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Murder in Memphis: This time it’s a pastor

Capleville United Methodist Church in Hickory Hill honored the life of their late pastor Dr. Autura Eason-Williams Tuesday evening (July 19).

Dr. Eason-Williams was fatally shot at her Whitehaven home about 4:15 p.m. Monday (July 18) during what police officials said was a carjacking. Two teenagers have been charged in the incident.

Tuesday’s Service of Remembrance and Prayer service attracted a solemn gathering of heartbroken family and friends, who celebrated the life of the beloved victim, who was “more than a pastor, but family.”

Jackie Pride, in a Facebook post, said, “We became friends and shared many memories through Boy Scout Troop 355, Kirby Middle, and Kirby High PTA…Thank you for doing LIFE with us! May God comfort her family and friends.”

Dr. Eason-Williams was not only a pastor, but an accomplished prelate who served as district superintendent of the United Methodist Tennessee-Western Kentucky Conference’s Metro District.

News of her death swept swiftly through the local church community. 

Police Monday responded to a shooting at 1000 Whitehaven Lane and found the mortally wounded Dr. Eason-Williams. 

The news sent shockwaves through the Memphis religious community, prompting an outpouring of sympathy on social media platforms.

The Rev. Dr. Rosalyn R. Nichols, organizing pastor of Freedom’s Chapel Christian Church. (Courtesy photo)

Dr. Rosalyn Nichols was a good friend of Eason-Williams. Her immediate response to news of the death was to post, “No words,” on her Facebook page. She had more to say Wednesday (July 20).

“When the Rev. Dr. Herbert Lester served as pastor of Centenary United Methodist Church, I met the Rev. Dr. Autura Eason-Williams. She was warm and enthusiastic about serving God and God’s people. 

“More than words, it was how she made everyone feel because of what they saw and heard when she was around. Needless to say, our hearts are broken,” Nichols said.

Police took three teens into custody, calling them “persons of interest.” 

According to MPD, the suspects were apprehended after carjacking another woman at gunpoint in Cordova.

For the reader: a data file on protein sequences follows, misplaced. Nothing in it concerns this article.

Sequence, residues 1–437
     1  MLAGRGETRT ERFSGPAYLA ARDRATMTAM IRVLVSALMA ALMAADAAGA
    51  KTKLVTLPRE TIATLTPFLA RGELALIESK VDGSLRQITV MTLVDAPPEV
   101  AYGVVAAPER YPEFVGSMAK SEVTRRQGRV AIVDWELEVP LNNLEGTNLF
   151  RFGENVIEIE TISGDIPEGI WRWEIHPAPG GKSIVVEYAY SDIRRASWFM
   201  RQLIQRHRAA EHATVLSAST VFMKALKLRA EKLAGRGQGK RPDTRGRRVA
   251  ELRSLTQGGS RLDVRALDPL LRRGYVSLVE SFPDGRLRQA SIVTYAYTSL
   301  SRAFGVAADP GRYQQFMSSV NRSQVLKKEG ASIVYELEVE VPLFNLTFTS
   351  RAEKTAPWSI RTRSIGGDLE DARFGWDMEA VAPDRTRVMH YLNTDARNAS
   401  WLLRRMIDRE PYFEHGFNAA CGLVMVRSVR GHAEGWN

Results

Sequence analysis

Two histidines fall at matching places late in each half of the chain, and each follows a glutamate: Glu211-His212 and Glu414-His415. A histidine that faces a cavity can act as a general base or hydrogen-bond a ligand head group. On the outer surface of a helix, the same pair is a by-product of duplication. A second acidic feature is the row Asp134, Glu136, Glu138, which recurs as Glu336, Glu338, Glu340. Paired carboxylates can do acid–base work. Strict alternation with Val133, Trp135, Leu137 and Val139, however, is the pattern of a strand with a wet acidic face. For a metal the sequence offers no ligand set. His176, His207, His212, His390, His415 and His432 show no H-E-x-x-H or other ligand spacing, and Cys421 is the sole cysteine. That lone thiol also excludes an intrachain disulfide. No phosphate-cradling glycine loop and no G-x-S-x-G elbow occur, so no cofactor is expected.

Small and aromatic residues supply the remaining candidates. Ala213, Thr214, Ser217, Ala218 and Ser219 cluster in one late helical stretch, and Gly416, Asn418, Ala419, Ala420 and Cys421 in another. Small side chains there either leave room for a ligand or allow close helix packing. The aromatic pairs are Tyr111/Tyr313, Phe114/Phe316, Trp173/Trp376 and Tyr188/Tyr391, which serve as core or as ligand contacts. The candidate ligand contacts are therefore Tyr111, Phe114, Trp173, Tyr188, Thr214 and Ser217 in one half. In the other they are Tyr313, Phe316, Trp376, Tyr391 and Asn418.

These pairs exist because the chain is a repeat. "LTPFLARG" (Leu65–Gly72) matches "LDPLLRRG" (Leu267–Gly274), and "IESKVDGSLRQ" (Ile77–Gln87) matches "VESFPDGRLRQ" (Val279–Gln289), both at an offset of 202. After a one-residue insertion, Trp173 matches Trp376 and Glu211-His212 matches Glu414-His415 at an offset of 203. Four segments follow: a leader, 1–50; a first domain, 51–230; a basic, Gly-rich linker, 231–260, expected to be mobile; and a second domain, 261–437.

By Tuesday, police had charged a 15-year-old boy with first-degree murder, and a 16-year-old boy with theft of property relating to the carjacking. A 17-year-old, who also was detained, was released without charges Tuesday night.

Dr. Eason-Williams’ slaying sparked anger, leading some to call for the teens to be tried as adults.

Dr. Eason-Williams is the second female United Methodist pastor to be murdered this year.

The Rev. Marita Harrell, pastor at Connections, Metropolitan United Methodist Church in Atlanta, was fatally stabbed in May allegedly by a 27-year-old man she was ministering to in his home.

Rev. Harrell’s body was found in a car several miles from the suspect’s home. The vehicle had been set on fire.

Dr. Eason-Williams entered the ministry full-time in 1997, and the United Methodist Church had appointed her in various capacities since 2002. 

She was commissioned Provisional Elder in 2003 and Ordained Elder in 2006.

Dr. Eason-Williams was widely known as a popular youth and women’s leader who facilitated camps, retreats, and other events.

She frequently was sought as a preacher for local churches, district gatherings, and conference events.

Dr. Eason-Williams was instrumental in creating My Sister’s Keeper, an outreach that addresses health disparities of African-American women. 

She also took a key role in building the Congregational Health Network, a coalition of 600 churches that address health disparities and build relationships between hospitals, the faith community, and neighborhoods.

Memphis City Council member Patrice Robinson, whose district includes Whitehaven, said she will meet with constituents to take steps to make the community a safer place.

“We are saddened about this senseless act of violence,” said Robinson. “Not only will we be praying for the family, but we want to work together as a community to ensure that gun violence does not become a greater issue in Whitehaven.

“We will do whatever we need to do to keep our families safe.”

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